1. KATHY H says:

    WOW! I haven’t commented in forever, but this article – wow…is all i have to say…I grew up in an old farm house, my bedroom did not have a door, more like an angled opening. My Mom went to Ocean City New Jersy on a trip and brought back a beaded “curtain:”…and that became my door…it was soooo awesome way back in the late 60’s early 70’s – my room was the cat’s meow! It was the talk of the small town we lived in and all of my freinds. Thanks for the memories!

  2. Jay says:

    Groovy Man! or should I say M’am. I always get a kick out of seeing the original price tags still affixed. Fun posting!

  3. Brenda Ss says:

    I have some of these in my kitchen window. I love how the light sparkles off them. They make me very happy. I wish I could post a picture on here.

  4. Jenny A. says:

    I’m giving some serious consideration to doing a beaded curtain between the TV area and bar area in our basement. I have some sheers hanging there now but they’re too short and don’t really give me the ‘vibe’ I’m looking for. These might be the perfect solution.

  5. Laura says:

    Love these so much!! I had a set of reproduction beaded curtains in my crazy apartment in New York City, they hung from the bottom of my sleeping loft and separated our living room from this weird workshop area. They were multicolored.

    I’m particularly enamored with the hot pink ones!

  6. Sarah g (roundhouse) says:

    Very cool. These always remind me of going to visit family in Belgium. Everyone has beaded curtains or those fuzzy ones that look like giant pipe cleaners hanging at the doorway. They are used more for practical uses rather than decorative. No one has a/c so you have to open doors and windows during the summer but since most of Belgium is very pastoral the beaded curtains serve to keep the flies out of the house.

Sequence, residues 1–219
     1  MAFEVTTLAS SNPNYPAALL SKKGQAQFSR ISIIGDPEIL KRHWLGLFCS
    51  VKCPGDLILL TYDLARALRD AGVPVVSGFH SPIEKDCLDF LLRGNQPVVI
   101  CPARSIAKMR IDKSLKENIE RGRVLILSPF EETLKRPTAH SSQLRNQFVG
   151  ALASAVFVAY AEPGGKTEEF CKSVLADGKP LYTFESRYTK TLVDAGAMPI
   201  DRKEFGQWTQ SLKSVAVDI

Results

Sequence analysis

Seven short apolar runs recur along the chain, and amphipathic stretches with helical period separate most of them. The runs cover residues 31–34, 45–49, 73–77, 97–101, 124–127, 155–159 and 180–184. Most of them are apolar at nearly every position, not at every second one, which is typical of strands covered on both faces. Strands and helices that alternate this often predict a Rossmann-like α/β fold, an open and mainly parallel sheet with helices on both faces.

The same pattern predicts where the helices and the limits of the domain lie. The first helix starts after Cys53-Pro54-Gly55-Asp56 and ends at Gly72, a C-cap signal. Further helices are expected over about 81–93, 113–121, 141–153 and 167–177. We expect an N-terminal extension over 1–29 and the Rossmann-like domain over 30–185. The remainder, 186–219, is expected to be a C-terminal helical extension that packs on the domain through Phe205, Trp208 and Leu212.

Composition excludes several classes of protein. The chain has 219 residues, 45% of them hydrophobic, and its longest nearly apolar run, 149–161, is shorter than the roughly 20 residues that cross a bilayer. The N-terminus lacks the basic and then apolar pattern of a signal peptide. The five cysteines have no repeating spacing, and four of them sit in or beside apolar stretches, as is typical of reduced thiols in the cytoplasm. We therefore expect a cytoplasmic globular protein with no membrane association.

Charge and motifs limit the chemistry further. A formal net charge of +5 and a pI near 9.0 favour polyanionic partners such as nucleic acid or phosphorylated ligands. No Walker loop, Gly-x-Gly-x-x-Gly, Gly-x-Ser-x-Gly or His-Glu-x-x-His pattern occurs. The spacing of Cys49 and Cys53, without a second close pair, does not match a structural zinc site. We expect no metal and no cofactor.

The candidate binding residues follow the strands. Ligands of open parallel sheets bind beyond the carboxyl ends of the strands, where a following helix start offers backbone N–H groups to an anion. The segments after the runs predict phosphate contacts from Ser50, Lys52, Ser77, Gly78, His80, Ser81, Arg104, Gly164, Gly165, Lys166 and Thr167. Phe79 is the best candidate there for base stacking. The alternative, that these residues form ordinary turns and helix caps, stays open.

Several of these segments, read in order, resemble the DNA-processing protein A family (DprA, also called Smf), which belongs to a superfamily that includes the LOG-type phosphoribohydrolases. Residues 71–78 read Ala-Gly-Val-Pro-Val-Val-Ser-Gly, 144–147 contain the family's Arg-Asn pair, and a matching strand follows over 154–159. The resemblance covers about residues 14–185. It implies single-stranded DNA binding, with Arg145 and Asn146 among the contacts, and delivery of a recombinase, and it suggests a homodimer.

1. Robin, NV says:

      ROFL!! I wonder if the beaded curtains made it to the US via some hippie chick travelling Europe in the 60s. She thought the curtains looked “groovy man” and brought them back to decorate her pad – not realizing they were to keep flies out! She probably just thought they looked Bohemian or “far out.”

  7. CT says:

    My grandmother (yes, grandmother) had beaded curtains in the hall leading to her laundry room in the 60’s. Alternating gold and silver if I remember correctly. Swanky.

  8. Jeanne says:

    Yep, those were some heavy duty beads. Growing up in a bungalow, we had a bead curtain on the doorway of the stairs leading to the upstairs bedroom. My mom did a two-tone thing alternating amber and gold strings of beads in the hanging rail. They were really nice. Ah, the memories!

  9. Mary Elizabeth says:

    Wow, beam me into the way-way back machine! Speaking of Pam’s office, how did you all like the article and photo spread on her and RetroRenovation in–of all places–Yankee Magazine?